Mark Thompson, the former BBC chief and current president of the New York Times Company, has said all along that he knew nothing about a spiked BBC exposé on BBC child rapist Jimmy Savile. Most astounding of all, on October 13, he said, “During my time as director general of the BBC, I never heard any allegations” about Jimmy Savile. As I wrote on October 26, “If this is true, it makes him a rare find for the Times: everyone else had at least heard about Savile.”
Thompson has subsequently admitted that he was told at a Christmas party last year of the killed story. He didn’t have much choice: BBC reporter Caroline Hawley bared the truth. In addition, Thompson was given many daily news clips about Savile, but we are to believe his account that he never read any of them. What was revealed this week strains credulity beyond limits.
Ten days before Thompson left the BBC in September, his lawyers wrote a letter to The Sunday Times in London threatening to sue if they decided to go forth with a detailed article about the Savile issue. Unavoidably, the letter summarized the accusations against the BBC icon, thus undercutting Thompson’s claim that he never even heard about Savile’s serial sex crimes while he was running the BBC.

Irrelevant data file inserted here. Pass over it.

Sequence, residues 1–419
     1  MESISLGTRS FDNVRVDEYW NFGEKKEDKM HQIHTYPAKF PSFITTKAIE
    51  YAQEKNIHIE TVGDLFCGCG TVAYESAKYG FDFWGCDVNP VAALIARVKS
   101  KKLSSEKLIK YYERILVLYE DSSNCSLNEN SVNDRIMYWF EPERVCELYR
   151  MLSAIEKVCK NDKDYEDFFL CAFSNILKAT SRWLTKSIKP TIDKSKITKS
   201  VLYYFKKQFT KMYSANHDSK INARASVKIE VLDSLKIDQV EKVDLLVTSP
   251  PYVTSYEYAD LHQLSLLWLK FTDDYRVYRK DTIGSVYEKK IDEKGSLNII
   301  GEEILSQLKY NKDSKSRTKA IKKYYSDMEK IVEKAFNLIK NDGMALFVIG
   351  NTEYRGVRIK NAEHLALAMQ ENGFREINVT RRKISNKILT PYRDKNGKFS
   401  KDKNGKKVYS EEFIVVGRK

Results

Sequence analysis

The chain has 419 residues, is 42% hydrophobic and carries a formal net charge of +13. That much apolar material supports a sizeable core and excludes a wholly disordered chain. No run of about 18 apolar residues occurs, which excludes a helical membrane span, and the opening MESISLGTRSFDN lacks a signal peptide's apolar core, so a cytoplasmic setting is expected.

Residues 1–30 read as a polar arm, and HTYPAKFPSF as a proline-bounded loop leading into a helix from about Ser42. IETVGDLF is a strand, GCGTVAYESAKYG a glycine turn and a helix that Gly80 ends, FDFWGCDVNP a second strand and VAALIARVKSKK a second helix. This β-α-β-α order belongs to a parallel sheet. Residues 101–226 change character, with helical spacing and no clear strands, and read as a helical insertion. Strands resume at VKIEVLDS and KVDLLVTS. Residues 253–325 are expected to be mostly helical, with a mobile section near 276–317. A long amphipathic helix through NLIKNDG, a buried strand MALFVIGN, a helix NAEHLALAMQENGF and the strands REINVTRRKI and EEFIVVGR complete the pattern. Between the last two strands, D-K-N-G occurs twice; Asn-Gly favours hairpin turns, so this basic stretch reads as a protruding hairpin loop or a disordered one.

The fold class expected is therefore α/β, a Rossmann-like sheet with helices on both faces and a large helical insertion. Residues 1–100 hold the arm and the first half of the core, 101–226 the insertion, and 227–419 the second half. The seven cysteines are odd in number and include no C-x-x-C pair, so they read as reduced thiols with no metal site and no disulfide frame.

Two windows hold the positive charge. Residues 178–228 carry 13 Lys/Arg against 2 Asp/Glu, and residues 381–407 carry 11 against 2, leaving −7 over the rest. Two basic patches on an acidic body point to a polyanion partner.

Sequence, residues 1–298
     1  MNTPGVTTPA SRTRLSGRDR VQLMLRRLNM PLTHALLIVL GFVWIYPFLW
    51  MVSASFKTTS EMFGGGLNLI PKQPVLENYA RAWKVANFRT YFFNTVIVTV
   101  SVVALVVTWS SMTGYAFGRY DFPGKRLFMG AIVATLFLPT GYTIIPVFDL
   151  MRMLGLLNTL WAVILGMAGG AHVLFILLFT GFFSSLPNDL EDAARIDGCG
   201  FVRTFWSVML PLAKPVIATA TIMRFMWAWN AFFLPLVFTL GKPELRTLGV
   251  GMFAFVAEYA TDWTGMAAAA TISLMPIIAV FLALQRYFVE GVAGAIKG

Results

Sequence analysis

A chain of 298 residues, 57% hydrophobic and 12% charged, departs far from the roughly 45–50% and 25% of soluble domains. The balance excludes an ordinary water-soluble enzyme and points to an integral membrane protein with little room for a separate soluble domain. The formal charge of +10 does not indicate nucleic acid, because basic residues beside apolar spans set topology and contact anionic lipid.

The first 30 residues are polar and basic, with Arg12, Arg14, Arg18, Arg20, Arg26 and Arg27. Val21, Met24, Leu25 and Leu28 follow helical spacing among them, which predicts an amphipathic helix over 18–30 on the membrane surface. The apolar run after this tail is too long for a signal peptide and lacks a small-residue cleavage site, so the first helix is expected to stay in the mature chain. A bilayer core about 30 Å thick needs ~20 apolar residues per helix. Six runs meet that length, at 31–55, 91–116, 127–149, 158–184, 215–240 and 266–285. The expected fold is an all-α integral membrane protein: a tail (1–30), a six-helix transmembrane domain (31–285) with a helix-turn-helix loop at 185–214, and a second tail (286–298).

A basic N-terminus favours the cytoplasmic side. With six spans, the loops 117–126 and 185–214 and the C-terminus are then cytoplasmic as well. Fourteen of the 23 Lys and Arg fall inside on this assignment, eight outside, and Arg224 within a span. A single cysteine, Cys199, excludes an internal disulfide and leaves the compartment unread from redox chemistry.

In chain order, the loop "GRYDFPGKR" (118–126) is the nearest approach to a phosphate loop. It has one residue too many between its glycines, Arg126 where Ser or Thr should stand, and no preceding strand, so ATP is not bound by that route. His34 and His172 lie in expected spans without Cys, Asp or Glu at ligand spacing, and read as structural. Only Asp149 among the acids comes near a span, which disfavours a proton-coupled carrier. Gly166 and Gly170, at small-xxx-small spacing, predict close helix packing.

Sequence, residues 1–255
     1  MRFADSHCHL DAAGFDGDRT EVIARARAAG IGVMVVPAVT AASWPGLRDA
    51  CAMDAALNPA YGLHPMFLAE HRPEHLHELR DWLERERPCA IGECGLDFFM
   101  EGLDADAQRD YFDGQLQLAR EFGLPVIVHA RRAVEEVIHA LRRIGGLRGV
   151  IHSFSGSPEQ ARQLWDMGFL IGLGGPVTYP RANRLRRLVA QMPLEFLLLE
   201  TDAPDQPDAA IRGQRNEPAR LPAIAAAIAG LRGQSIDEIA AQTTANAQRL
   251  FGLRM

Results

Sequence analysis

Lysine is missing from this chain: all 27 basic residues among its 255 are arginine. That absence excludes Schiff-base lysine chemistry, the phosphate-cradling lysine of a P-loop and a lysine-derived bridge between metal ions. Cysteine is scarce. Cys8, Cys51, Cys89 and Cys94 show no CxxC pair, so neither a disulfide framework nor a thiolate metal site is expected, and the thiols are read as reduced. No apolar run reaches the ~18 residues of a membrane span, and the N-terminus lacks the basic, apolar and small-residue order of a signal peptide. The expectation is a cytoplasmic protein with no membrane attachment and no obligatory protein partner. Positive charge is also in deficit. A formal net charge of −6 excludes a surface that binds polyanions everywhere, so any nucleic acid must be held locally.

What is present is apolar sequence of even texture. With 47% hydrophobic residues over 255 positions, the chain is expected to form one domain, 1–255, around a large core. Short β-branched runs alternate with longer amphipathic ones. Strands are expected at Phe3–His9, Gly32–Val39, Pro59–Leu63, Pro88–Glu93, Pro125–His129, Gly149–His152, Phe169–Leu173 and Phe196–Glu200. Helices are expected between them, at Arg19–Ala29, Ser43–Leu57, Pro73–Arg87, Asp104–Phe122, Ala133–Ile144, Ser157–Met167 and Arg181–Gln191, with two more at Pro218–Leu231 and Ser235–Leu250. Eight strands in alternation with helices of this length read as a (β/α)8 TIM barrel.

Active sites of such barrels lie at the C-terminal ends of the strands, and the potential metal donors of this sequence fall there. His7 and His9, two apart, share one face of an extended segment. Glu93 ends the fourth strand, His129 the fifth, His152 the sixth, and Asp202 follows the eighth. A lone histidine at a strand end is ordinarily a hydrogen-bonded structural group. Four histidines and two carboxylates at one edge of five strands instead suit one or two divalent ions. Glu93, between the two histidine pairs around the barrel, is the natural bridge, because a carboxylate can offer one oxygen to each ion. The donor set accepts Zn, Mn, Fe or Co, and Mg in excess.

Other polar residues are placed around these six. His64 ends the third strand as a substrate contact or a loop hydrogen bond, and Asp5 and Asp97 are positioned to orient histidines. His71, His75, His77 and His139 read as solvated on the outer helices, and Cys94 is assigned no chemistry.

Now we are to believe that although Thompson asked his lawyers to write the letter, he never read it! Ed Williams, Thompson’s spokesman in London, says, “He [Thompson] verbally agreed to the tactic of sending a legal letter to the paper, but was not involved in its drafting.” According to today’s New York Times, Thompson did more than agree to the letter: it says he “orally authorized the sending of the letter.” Did he know what he was authorizing? Thompson won’t speak—not even to the Times—but his anonymous aide expects us to believe that his boss “had not known the details of its contents.” If this isn’t bad enough, Thompson’s personal advisor says of the letter, “It’s not clear if he was shown it, but he doesn’t remember reading it.” Thompson is lying, and everyone knows it.